Being thereupon called into court, he freely confessed, His being 6

upon a plot with Reolands to deliver up the town of Sluys to the * French, after the manner contained in Reolands's confession, with

this particular circumstance, that in a letter, written to him by Monsieur de Terry, secretary of war under the Duke of Lux. emburgh, he was promised ten-thousand livres more than was to be given to Reolands, together with a place in the presidial

court of Sedan, worth three-thousand livres per annum. And thereafter being desired to decypher the letter written in cyphers found about Reolands's man; he freely did it in these words, as was dictated by him from the letter given him in open court.

SIR,

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6 We have fully concerted the manner we are to act here, in de.

livering up the town; and it rests only, that you be as ready to

effectuate your part at a precise time to be appointed, which both " Mr. Reolands and I think to be most proper sometime in the ( middle of May next, because the army of the States will not be in

the field till the end of that month at soonest; you see what I venture to serve so great and generous a prince, and it is but a small part of what I would do to serve him. Be sure you, by the bearer, adjust the exact time and way of your being in a readiness to accomplish your part of the design; and I think it were time, that some of these soldiers should be stealing in, as you know. After receipt of yours, we will be every day making one step or other to forward the thing: and though I doubt not but by the same bearer you will send the bill as you promised; so I assure you, I am more persuaded of the reasonableness of having a

A DIALOGUE

BETWEEN FRANCISCO AND AURELIA,

TWO UNFORTUNATE ORPHANS

OF THE

CITY OF LONDON. Licensed, November 4, 1690. London, printed for Randal Taylor, near Stationer's-Hall, 1690. Quarto, containing eight pages.

Guildhall, Nov. 3. 1690.

Francisco. A Good morning to you, madam :- -You are an early riser,

I see; though I as little suspected to meet you here, as to find a quaker behind the scenes in the play-house.

Aurelia. Why, sir, think you that young women have no business in Guildhall ?

Franc. Yes, madam, but hardly so early in a morning. Had it been the fourteenth of February, I should have suspected you came hither to select one of the aldermen for

your Valentine. Aurel. You are pleased to be merry, sir :---What merits have I to deserve an alderman?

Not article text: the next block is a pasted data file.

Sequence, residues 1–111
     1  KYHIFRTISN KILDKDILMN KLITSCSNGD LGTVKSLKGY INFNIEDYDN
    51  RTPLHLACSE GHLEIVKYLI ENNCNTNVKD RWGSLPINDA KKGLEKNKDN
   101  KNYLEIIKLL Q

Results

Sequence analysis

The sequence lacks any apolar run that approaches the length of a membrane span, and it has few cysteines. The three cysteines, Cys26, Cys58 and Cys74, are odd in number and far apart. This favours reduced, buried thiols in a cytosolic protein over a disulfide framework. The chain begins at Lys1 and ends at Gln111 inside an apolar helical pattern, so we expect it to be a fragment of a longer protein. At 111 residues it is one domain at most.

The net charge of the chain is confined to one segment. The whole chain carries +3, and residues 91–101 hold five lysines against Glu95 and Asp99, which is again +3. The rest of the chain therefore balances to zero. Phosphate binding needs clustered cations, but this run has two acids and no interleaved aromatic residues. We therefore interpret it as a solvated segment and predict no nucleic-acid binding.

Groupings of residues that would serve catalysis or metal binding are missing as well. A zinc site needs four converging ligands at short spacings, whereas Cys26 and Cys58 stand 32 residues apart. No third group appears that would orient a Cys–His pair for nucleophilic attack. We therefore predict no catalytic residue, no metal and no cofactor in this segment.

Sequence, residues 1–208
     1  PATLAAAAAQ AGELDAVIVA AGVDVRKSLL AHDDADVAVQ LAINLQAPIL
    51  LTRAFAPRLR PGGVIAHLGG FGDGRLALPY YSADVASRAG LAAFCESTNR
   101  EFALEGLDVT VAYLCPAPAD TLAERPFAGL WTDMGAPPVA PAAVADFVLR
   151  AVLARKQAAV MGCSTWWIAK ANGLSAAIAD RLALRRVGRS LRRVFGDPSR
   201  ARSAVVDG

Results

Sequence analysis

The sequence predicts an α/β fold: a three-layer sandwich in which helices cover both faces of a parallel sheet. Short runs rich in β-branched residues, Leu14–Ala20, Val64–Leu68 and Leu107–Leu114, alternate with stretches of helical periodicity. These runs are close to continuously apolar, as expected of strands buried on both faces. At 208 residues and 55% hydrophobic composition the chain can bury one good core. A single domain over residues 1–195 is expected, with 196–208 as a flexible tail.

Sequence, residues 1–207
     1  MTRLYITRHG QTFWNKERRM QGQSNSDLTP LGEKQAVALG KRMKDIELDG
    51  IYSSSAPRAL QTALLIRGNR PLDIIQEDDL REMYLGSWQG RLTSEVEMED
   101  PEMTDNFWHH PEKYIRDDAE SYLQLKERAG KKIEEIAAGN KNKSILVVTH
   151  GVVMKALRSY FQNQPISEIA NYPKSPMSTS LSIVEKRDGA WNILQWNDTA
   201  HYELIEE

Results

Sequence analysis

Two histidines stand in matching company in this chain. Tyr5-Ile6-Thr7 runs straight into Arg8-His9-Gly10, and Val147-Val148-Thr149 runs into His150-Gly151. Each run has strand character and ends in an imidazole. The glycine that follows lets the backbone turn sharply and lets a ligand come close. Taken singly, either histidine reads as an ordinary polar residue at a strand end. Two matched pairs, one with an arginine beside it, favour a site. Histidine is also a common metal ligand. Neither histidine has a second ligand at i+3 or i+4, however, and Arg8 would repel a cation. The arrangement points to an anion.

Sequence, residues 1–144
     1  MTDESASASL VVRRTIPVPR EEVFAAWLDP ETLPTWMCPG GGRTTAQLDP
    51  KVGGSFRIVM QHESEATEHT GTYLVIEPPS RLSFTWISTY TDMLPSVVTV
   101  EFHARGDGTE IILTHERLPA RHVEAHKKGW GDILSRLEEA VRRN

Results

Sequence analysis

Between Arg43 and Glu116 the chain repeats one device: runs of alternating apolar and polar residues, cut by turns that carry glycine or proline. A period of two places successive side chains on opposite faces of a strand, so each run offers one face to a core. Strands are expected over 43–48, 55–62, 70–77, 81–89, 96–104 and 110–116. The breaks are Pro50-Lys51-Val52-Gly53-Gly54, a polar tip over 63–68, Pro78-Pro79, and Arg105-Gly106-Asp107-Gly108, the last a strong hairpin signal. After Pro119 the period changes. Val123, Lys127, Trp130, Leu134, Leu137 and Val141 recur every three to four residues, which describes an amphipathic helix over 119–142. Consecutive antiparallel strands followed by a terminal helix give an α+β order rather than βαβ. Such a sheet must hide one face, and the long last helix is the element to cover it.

Franc. You cloud your own worth by your singular modeșty; it is well known, that some, who have worn the purple, have taken their cook-maids into the bed with them; and, I hope, madam, their deserts ought not to be named with yours.

Aurel. You seem to be better acquainted with me, than I am with myself; but, sir, I hope you have not so ill an opinion of our sex in general, or of me in particular, to think that, in affairs of that nature, women are used to make the first advances.

Franc. Yes; in a little foolish gallantry, like this, a lady may go a great way, before she treads upon the heels of modesty.

durel. Yes, and that little foolish gallantry, as you are pleased to name it, shall be called fondness on our part; for it is the admirable temper of most of your sex, if you observe any thing in a woman's conversation, which you can interpret to your advantage, the nearer you find her approaches, the farther you fly from her, and tell it in company over a bottle- -The truth of it is, Jack, I could love Mrs. such an one, but she is so coming, that

Franc. No more, no more, good madam.

Aurel. Yes, one word more, and then as silent as you please. Modesty on our part serves to whet and heighten your desires; for it is a virtue of such reputation, that, where you cannot find the ori. ginal, you dote upon the copy. Witness the truth of what I say, in the conduct of the lewdest women of the town, whose counterfeit vir. tue allures you to an intrigue, whereas an open declaration of their in. famous way of living would frighten you from an amour,

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Franc. But, in this discourse of modesty and intrigue, we have lost our alderman.

Aurel. What have I done, that I should be haunted with alder. men ? You are not so ill a philosopher, as not to know, that content and happiness are not always the attendants on a plentiful fortune; which I am neither so vain to wish, nor have merits to deserve, how. ever some of my sex may be pleased with the title of an alderman's

. Franc. Now, by this aversion of yours to an alderman, I humbly conceive, madam, you are one of the orphans of the city of London.

durel. You are much in the right, sir; and, if I mistake not, by meeting you here so often, I suppose you are one of the same un. happy number.

Franc. It is certainly so, madam; for, like the widow Blackacre, in the Plain Dealer, I am forced to sollicit my own cause.

Aurel. I come hither upon the same melancholy account, but have as much luck in the attempt, as a poor fellow, that sues for an estate in forma pauperis.

Franc. Well! there is certainly a pleasure in rehearsing one's misfortunes, especially if the person, to whom they are told, can oblige one with a like relation; please you, therefore, madam, to repose yourself upon this seat, and allow one, that is not a perfect stranger to you, a quarter of an hour's conversation, since we are fallen upon a subject that equally concerns us both.

Aurel. The pleasure of that conversation will be wholly on my part, sir,

Franc. Good madam, let us not talk as if we were in a dancingschool, but lay all compliments aside as superfluous as fine clothes at a funeral.

Aurel. The subject, I confess, is almost as melancholy; for, were our bodies in as desperate a condition as our fortunes, I fear Jesu. its powder would do us but little good.

Franc. The truth of it is, we have lived upon hope a long time... A fine, thin, cooling diet, and as necessary, in our circumstances, as water-gruel to a man troubled with an over-heated liver.

Aurel. I think we may, not improperly, call this place the land of promise, where we are treated with all the civility possible. "In. deed, madam, I think of your petition. Truly, sir, you will not fail next court.day. I profess, madam, I do not neglect your bu. siness.' And all this is nothing but ceremony and compliment, acted with so much gravity, that, on a court-day, I have satisfied myself to bave seen Mr. Bays's grand dance in the Rehearsal,

Franc. Indeed, our daily attendance is somewhat like the story of the fellow, that made love to an invisible mistress.

Aurel. But, pray, sir, give me leave to inquire of you the reasons, or occasions of the practice of putting the orphans' money into the ; chamber of London ; by what authority demanded; and whether our

deceased parents were not influenced by custom, and had a wrong notion of the matter. For, could they have foreseen what has since bappened, they would as soon have ordered their executors to have